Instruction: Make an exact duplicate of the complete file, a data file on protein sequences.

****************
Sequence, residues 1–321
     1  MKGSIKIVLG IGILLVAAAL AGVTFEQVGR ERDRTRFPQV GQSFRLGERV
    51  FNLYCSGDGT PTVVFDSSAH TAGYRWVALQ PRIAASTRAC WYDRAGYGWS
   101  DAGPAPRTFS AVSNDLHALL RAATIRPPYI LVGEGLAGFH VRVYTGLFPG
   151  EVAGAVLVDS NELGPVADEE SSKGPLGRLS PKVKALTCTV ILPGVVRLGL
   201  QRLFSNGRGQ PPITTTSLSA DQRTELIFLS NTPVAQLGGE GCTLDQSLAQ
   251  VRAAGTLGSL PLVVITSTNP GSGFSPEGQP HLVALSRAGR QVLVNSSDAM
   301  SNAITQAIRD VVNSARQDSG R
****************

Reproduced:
Sequence, residues 1–321
     1  MKGSIKIVLG IGILLVAAAL AGVTFEQVGR ERDRTRFPQV GQSFRLGERV
    51  FNLYCSGDGT PTVVFDSSAH TAGYRWVALQ PRIAASTRAC WYDRAGYGWS
   101  DAGPAPRTFS AVSNDLHALL RAATIRPPYI LVGEGLAGFH VRVYTGLFPG
   151  EVAGAVLVDS NELGPVADEE SSKGPLGRLS PKVKALTCTV ILPGVVRLGL
   201  QRLFSNGRGQ PPITTTSLSA DQRTELIFLS NTPVAQLGGE GCTLDQSLAQ
   251  VRAAGTLGSL PLVVITSTNP GSGFSPEGQP HLVALSRAGR QVLVNSSDAM
   301  SNAITQAIRD VVNSARQDSG R